Interior of Walt Disney's Gulfstream I
Walt Disney and his wife, Lillian, were heavily involved in the interior design of his Gulfstream I, which he flew across the U.S. during the mid-60s. The Palm Springs Air Museum will spearhead a two-year cabin restoration, which will return the twin-turboprop to its vintage appearance. (Photo: Walt Disney Archives)

Walt Disney's Gulfstream I To Be Restored

The jet is about to undergo a full interior overhaul, which will return it to its 1960s appearance.

The Gulfstream I known as The Mouse, which was once owned by Walt Disney, is about to undergo a full interior restoration to return it to its 1960s appearance. The twin-engine turboprop sat for decades in a backlot area of Florida's Disney World following its 1992 retirement. It was recently repainted and trucked across the country to Anaheim, California, where it was one of the star attractions at this year’s D23 Convention. It was later announced that the airplane would go on exhibit at the Palm Springs Air Museum.

Now the museum, which is displaying rarely seen interior items from The Mouse, has announced it will head up a two-year cabin restoration of the airplane in partnership with Georgia-based Phoenix Air Group, which has offered to donate any needed parts.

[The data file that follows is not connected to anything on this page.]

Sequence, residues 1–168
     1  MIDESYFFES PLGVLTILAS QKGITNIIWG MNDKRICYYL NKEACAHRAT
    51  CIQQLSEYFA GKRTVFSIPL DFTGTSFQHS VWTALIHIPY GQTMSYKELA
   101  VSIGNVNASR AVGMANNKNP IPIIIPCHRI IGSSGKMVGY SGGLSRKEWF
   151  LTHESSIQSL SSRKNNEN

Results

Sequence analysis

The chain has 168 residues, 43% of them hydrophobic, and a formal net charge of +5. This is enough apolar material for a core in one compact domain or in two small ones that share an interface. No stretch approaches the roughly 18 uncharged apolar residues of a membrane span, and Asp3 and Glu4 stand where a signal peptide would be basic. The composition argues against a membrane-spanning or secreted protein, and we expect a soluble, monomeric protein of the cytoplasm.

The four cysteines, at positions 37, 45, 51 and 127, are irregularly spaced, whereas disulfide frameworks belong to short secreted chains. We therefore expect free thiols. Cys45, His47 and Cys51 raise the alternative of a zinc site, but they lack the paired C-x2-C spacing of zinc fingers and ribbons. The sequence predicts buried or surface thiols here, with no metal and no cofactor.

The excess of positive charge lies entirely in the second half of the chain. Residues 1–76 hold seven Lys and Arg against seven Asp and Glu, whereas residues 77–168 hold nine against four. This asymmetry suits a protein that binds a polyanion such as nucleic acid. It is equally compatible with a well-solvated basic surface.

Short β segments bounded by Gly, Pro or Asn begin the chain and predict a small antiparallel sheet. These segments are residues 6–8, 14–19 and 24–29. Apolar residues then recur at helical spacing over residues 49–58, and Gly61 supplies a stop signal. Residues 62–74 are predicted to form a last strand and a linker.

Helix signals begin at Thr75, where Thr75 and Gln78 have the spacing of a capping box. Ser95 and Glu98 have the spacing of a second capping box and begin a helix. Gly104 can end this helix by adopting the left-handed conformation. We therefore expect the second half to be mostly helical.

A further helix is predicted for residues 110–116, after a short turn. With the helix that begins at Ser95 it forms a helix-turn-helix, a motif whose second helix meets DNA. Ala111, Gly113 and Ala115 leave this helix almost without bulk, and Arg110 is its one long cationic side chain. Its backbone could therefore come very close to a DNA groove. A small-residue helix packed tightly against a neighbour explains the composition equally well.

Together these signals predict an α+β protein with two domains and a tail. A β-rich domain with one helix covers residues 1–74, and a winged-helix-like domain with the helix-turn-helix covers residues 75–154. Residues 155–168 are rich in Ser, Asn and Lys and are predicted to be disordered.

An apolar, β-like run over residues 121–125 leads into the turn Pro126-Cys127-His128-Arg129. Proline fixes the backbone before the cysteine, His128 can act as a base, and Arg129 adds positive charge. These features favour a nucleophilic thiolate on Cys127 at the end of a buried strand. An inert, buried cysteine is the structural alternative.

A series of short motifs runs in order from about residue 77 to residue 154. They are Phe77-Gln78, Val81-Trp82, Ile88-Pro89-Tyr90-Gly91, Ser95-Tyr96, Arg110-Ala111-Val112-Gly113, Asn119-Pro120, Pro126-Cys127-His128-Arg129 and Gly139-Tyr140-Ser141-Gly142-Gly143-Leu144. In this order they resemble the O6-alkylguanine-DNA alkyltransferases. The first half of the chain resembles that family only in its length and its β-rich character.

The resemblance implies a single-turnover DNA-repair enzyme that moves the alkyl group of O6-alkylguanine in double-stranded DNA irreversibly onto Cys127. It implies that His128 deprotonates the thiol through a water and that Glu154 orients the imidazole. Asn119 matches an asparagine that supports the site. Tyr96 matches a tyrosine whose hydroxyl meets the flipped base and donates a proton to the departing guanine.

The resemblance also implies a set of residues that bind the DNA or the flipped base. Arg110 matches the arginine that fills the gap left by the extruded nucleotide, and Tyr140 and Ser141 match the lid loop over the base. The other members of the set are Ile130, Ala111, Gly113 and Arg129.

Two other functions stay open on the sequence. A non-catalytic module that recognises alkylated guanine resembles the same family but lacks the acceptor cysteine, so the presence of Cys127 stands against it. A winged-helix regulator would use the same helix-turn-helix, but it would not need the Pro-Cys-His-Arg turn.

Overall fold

Disney had the interior of N234MM customized with features including an instrument panel near his favorite seat so he could monitor flight conditions, a telephone handset so he could communicate with the cockpit, two bathrooms, a galley kitchen, a pair of couches, and a desk.

“We are so thrilled to partner with the Walt Disney Archives on this amazing restoration project,” said museum vice-chairman Fred Bell, adding that the museum has restored more than 60 aircraft in its 26-year history. “We know that we have a special responsibility to Walt Disney, to the archives, and to the millions of Disney fans around the world to do this work as accurately as possible so that the airplane can be enjoyed for decades to come.”